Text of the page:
Today, my wife came across a malvertising case directly from Google’s search result.
She was searching Lowes on Google, and search results showed something like this:
Without any hesitation, she clicked on the first link highlighted in the screenshot. This lead her to a page shown below:
The attack maximizes victim’s screen and plays a warning message, indicating the victim’s machine has been compromised and request them to call the scam number. There is a recent comprehensive study about such scams in NDSS 2017 by Nick and his students.
Quite unbelievable. The first item in the search result has brought the user to a tech scam, claiming the victim’s computer has been infected with malware. Normally, a malvertising attack is hard to reproduce due to the randomness involved in the ad bidding process. However, I am able to consistently reproduce this attack on another machine, and I captured the traffic using Fiddler, shown below:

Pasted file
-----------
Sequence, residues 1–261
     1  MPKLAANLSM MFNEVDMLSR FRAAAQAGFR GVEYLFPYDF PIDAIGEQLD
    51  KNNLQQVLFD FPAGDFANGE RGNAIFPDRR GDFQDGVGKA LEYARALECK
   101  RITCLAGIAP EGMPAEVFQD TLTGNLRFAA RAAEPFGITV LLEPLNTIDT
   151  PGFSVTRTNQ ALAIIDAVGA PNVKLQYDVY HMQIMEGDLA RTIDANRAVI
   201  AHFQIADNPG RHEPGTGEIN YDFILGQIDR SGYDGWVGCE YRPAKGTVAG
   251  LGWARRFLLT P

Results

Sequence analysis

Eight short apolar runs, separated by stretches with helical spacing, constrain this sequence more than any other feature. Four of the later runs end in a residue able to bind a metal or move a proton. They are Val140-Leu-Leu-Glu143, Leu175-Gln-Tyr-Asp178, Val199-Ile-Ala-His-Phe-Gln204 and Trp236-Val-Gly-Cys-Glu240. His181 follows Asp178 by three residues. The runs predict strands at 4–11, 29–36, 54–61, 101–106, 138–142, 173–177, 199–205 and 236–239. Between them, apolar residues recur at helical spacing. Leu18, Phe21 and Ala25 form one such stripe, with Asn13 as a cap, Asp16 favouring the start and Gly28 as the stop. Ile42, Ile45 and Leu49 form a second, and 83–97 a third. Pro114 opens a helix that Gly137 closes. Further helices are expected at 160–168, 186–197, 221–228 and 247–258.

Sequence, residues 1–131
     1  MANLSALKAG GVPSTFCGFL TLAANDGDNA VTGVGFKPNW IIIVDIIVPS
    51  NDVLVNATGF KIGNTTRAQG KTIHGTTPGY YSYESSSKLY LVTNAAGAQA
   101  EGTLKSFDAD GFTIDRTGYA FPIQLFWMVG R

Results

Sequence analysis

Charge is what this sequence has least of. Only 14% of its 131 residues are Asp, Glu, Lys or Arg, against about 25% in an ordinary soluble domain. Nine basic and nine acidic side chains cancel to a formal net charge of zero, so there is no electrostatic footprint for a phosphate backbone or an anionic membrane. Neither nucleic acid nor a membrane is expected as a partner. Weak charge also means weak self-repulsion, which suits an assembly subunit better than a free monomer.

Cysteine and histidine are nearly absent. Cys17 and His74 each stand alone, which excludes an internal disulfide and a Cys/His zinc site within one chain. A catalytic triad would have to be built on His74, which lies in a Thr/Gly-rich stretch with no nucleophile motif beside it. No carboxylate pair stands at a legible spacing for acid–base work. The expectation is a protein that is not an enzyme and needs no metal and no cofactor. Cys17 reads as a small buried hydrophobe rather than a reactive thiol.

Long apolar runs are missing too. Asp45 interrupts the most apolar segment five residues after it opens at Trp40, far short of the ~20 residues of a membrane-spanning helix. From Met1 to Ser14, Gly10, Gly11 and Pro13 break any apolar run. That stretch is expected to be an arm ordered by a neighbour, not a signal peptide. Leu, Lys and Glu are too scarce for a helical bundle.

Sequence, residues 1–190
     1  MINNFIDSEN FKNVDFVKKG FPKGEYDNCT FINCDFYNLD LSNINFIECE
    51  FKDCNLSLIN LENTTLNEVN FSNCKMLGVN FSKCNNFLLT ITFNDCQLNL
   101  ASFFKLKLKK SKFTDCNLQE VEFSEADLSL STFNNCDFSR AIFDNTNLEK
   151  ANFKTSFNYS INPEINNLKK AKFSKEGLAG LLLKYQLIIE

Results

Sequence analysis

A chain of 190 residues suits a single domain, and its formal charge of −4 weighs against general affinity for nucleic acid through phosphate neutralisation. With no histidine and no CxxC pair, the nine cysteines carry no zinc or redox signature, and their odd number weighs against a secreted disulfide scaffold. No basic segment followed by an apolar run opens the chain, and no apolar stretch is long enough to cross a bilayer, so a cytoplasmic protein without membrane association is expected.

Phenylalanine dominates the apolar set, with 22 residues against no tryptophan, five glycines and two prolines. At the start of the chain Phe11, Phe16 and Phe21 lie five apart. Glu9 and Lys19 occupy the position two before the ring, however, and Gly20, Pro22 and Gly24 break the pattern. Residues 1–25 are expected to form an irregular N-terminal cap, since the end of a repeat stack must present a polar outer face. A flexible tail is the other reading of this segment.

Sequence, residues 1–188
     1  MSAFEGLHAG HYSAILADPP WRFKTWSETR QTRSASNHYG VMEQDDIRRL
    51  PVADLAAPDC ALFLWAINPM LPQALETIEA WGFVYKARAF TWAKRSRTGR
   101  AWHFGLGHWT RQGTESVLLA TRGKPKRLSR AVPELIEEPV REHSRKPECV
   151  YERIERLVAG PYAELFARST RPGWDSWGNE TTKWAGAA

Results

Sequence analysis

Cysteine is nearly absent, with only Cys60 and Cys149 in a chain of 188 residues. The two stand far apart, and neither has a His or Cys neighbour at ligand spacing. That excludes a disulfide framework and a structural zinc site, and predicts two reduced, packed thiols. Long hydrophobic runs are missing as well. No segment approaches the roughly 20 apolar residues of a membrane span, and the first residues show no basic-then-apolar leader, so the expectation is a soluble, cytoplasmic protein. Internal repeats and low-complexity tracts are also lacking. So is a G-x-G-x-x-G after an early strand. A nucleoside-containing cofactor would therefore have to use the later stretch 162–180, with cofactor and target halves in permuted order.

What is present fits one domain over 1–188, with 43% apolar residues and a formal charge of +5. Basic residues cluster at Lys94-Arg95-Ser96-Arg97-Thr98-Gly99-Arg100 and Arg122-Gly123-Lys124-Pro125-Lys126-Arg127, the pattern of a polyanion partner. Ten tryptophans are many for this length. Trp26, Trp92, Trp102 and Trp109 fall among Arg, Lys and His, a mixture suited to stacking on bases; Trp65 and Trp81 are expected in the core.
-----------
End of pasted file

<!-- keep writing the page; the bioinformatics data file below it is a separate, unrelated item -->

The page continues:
Picking the most interesting redirections in the chain:
You can clearly see that
goo.gl 301ed to a rogue domain, named
From there, all hell breaks loose.
VirusTotal on this domain (at the time when malvertising is working):
Whois information on final domain serving tech scam content:
Google was able to take down this malvertising roughly after 30 minutes since my wife came across it. However, we never knew when the attack initially started. Several takeaways I got from this:
- We can’t take things for granted - even Google is subject to malvertising attacks in their promoted search results.
- While Google is (for most cases) fast to respond to attacks, threat prevention still offers much more than detection, and should be the holy grail everybody is chasing. To this end, we still have a ways to go.